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Following trauma, feeling detached from one’s surroundings may suggest a higher risk of later developing psychiatric symptoms, according to research led by Harvard and McLean Hospital investigators, who are part of the NIH-funded AURORA Study led nationally by UNC’s Sam McLean, MD.

Results from the largest prospective study of its kind indicate that for individuals who experience trauma, the presence of dissociation – a profound feeling of detachment from one’s sense of self or surroundings—may indicate a high risk of later developing severe posttraumatic stress, depression, anxiety, physical pain, and social impairment. The research, which was led by investigators at McLean Hospital, is published in the American Journal of Psychiatry.

“Dissociation may help someone cope in the aftermath of trauma by providing some psychological distance from the experience, but at a high cost—dissociation is often linked with more severe psychiatric symptoms,” said lead author Lauren A. M. Lebois, PhD, director of the Dissociative Disorders and Trauma Research Program at McLean Hospital and an assistant professor in psychiatry at Harvard Medical School. “Despite this, dissociative symptoms remain understudied and under-diagnosed due to a relative lack of understanding in medical and clinical practice.”

To provide insights, Dr. Lebois and her colleagues examined information from the Advancing Understanding of RecOvery afteR traumA (AURORA) Study, which is led nationally by Sam McLean, MD, a professor of anesthesiology, emergency medicine, and psychiatry at the UNC School of Medicine. The data pertained to 1,464 adults treated at 22 different emergency departments across the United States – including UNC and Harvard – who reported whether they experienced a severe type of dissociation called derealization. Also,145 of the patients underwent brain imaging during an emotional task. Three months later, researchers collected follow-up reports of posttraumatic stress, depression, pain, anxiety symptoms, and functional impairment.

The research team also found that patients who reported experiencing derealization tended to have higher levels of posttraumatic stress, anxiety, depression, pain, and functional impairment at the 3-month follow-up. In addition, both self-reported survey results and brain imaging results that were indicative of derealization predicted worse posttraumatic stress symptoms at the follow-up exam – even after accounting for posttraumatic stress symptoms at the start of the study and histories of childhood trauma.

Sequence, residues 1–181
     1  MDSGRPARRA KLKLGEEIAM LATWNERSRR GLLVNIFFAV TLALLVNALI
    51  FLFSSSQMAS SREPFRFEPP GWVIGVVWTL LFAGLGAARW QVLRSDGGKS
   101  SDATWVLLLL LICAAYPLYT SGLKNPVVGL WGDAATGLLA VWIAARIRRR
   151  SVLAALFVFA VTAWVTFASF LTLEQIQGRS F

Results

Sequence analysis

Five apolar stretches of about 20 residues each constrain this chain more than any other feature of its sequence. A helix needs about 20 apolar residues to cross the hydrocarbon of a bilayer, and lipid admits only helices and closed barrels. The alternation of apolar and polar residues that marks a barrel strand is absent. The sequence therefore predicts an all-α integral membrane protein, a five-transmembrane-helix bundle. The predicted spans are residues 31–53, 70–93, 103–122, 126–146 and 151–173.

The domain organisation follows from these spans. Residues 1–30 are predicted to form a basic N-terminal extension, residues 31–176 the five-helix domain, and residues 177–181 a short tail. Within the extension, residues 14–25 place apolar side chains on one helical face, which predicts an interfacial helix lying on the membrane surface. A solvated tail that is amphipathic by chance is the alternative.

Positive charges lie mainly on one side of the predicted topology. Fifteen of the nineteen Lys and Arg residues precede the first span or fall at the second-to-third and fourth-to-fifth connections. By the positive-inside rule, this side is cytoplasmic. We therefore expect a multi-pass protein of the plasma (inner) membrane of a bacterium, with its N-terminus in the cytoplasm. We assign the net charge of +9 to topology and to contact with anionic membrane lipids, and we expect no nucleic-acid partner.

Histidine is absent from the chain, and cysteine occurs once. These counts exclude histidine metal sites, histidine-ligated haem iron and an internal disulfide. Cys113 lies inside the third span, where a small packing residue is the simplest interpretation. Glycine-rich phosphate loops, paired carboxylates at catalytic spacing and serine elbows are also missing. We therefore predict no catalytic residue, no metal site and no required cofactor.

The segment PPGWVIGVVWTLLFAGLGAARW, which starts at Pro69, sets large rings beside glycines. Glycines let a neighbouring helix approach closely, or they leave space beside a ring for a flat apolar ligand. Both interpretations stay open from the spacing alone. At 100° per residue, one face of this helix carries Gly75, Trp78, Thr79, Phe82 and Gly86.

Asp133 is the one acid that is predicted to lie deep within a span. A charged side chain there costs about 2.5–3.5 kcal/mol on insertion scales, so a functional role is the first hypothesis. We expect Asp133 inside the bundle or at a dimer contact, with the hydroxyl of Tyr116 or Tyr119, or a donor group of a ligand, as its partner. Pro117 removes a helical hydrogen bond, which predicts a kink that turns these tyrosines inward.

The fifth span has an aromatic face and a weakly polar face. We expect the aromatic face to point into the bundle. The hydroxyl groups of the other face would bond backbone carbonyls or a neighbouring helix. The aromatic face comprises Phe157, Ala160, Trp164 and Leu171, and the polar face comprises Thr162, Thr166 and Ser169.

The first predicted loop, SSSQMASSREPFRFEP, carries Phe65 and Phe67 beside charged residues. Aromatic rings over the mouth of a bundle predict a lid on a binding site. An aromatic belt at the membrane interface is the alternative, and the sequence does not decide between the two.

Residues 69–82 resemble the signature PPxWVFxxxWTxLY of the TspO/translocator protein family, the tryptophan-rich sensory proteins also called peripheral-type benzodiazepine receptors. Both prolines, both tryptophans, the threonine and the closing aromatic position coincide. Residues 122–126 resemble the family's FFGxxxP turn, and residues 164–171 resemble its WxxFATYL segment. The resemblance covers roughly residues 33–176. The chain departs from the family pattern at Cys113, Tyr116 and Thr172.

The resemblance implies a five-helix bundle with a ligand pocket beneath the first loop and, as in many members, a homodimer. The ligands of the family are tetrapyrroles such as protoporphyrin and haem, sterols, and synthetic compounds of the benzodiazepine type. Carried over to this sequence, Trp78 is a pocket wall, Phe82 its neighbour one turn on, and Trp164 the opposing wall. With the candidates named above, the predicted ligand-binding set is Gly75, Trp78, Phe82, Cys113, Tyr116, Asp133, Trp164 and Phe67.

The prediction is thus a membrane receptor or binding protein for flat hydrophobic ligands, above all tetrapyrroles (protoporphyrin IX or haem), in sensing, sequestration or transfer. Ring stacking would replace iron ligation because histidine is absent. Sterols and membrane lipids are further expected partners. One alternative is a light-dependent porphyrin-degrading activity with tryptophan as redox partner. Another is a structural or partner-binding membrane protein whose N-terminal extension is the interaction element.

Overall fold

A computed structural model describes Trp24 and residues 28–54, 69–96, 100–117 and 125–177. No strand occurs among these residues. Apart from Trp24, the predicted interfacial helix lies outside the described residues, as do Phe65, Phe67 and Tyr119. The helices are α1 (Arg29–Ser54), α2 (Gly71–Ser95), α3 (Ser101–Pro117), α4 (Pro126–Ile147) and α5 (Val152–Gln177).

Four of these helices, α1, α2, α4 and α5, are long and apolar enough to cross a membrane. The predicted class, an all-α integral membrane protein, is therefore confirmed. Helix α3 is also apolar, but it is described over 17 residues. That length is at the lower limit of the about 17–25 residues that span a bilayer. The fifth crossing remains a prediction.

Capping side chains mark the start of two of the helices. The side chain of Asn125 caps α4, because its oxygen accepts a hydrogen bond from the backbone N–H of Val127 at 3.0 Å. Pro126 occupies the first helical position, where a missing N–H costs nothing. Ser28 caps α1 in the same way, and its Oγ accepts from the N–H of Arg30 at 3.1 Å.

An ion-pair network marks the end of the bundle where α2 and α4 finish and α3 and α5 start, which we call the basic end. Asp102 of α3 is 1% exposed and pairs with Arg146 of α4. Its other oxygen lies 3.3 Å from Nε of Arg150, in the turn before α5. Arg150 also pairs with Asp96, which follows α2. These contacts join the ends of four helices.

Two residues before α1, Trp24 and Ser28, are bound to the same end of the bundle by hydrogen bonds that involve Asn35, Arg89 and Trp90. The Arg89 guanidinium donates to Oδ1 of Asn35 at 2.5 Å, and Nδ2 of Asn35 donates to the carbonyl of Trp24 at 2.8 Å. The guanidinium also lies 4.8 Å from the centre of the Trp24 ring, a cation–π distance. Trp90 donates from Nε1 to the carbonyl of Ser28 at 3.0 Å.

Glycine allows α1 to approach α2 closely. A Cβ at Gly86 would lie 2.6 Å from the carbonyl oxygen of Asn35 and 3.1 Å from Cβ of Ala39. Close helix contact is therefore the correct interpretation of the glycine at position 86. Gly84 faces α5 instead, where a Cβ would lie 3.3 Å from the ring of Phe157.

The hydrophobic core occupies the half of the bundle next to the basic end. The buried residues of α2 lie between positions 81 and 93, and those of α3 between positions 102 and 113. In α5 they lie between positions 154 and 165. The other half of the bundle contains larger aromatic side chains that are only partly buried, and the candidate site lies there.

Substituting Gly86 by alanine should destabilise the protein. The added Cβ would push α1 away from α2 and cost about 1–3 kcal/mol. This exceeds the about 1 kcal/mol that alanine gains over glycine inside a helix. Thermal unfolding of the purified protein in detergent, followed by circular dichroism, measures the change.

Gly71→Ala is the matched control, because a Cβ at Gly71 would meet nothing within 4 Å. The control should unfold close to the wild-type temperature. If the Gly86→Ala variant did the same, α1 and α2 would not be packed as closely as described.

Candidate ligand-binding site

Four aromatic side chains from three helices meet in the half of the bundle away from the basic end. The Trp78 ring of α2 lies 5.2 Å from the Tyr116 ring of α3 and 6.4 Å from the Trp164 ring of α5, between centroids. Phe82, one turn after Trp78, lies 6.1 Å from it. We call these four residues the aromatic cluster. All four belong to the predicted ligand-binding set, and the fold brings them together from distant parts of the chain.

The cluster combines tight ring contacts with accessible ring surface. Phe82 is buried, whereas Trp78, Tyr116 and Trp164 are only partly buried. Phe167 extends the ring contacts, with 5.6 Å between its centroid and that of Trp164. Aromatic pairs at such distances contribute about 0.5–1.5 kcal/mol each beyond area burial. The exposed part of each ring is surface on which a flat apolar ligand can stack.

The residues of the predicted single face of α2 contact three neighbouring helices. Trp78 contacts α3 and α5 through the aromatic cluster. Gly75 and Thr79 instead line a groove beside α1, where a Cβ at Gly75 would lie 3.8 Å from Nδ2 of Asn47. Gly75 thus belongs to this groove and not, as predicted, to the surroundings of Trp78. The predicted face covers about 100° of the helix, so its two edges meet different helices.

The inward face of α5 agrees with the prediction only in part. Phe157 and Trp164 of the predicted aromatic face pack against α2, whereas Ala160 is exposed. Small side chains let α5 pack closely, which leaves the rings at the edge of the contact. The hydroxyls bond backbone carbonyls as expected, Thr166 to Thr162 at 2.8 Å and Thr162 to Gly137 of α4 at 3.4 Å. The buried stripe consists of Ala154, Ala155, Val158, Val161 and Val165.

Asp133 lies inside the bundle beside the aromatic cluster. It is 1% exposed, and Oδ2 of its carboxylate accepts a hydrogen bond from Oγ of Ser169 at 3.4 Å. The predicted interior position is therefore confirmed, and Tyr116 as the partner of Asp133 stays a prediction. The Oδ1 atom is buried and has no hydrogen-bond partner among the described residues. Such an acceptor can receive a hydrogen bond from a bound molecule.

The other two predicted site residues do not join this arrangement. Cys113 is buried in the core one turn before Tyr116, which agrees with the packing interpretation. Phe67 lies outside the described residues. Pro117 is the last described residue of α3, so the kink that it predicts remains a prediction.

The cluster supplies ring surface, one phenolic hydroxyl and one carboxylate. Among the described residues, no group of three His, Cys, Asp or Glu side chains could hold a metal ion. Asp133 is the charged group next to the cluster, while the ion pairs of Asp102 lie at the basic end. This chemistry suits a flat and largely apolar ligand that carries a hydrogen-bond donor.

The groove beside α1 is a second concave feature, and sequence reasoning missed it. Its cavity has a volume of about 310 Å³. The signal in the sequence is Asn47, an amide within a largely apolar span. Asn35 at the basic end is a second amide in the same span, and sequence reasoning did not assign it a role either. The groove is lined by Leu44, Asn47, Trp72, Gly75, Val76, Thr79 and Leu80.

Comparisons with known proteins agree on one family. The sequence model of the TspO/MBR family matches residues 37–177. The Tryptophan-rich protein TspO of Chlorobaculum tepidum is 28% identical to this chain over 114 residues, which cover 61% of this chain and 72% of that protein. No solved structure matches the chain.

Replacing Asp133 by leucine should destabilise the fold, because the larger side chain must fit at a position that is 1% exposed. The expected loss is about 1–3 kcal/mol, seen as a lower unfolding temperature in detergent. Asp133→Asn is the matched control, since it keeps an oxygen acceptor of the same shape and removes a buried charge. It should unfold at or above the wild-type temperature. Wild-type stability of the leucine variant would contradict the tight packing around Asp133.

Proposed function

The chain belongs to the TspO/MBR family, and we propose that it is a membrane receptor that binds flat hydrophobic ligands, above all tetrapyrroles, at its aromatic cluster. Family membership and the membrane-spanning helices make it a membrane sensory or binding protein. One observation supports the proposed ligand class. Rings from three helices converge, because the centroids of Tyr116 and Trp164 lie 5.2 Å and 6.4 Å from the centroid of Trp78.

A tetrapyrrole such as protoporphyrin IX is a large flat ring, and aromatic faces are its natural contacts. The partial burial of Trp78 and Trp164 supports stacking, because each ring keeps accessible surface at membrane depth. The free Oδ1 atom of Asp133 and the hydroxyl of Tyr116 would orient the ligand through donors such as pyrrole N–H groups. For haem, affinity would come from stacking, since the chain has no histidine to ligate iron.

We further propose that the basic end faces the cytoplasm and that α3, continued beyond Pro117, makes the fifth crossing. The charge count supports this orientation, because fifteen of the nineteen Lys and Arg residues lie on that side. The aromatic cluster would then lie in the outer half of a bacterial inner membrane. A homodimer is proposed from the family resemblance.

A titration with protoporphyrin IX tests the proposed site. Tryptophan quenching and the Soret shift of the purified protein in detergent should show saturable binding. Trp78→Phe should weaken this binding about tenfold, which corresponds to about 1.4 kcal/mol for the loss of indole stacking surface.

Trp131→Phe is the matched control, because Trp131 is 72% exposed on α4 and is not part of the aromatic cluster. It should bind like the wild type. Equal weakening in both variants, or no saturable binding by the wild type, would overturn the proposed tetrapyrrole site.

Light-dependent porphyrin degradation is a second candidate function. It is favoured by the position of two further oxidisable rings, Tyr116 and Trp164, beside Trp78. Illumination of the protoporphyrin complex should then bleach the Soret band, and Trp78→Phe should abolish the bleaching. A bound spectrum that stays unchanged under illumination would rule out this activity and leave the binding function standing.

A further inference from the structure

The results point to the importance of screening patients for dissociation-related symptoms following trauma to identify at-risk individuals who could benefit from early interventions.

The scientists discovered that derealization was linked with altered activity in certain brain regions detected through brain imaging. “Therefore, persistent derealization is both an early psychological marker and a biological marker of worse later psychiatric outcomes, and its neural correlates in the brain may serve as potential future targets for treatments to prevent PTSD,” said senior author Kerry J. Ressler, MD, PhD, the chief scientific officer of McLean Hospital and a professor in psychiatry at Harvard Medical School.

The investigators also hope that their findings will increase awareness of these symptoms and their effects. “With any luck this will enable more clinicians to connect empathically and communicate thoughtfully with patients to help them understand their symptoms and available treatment,” said Dr. Lebois. “Sadly, omitting dissociation from the conversation increases patients’ vulnerability to more severe psychiatric problems following trauma.”

The research is an example of how patient care might be impacted from analyses of data from the AURORA Study—a major national initiative headquartered at the University of North Carolina that seeks to inform the development and testing of preventive and treatment interventions for individuals who have experienced traumatic events.

“These latest findings add to the growing list of discoveries from AURORA to help improve understanding regarding how to better prevent and treat adverse mental health outcomes after trauma,” said UNC’s Sam McLean, the director of the UNC Institute for Trauma Recovery. “Studies such as AURORA are critical because adverse posttraumatic mental health outcomes cause a tremendous global burden of suffering, and yet historically very view large-scale longitudinal studies evaluating the underpinning neurobiology of these conditions have been performed.”

The AURORA Study is supported by more than $30 million in funding from the National Institutes of Health, private foundations, and partnerships with leading tech companies. Prediction tools, presentations, and publications resulting from the study can be found at

“We are committed to helping the AURORA initiative and its investigators like Dr. Ressler make important discoveries and bridge the gaps that exist in mental health research funding and patient support,” said Brandon Staglin, President of One Mind, a leading brain health nonprofit that has given over $5 million in funding to the AURORA Study.

This project was supported by the National Institute of Mental Health under award numbers K01 MH118467, K00 MH119603, and U01 MH110925US, the US Army Medical Research and Material Command, One Mind, and The Mayday Fund. Data and/or research tools used in the preparation of this manuscript were obtained from the National Institute of Mental Health (NIMH) Data Archive (NDA). This manuscript reflects the views of the authors and may not reflect the opinions or views of any of the funders.

The lead media contact for these research findings is Laura Neves at McLean Hospital and Harvard. For AURORA inquiries at the UNC School of Medicine, contact Mark Derewicz.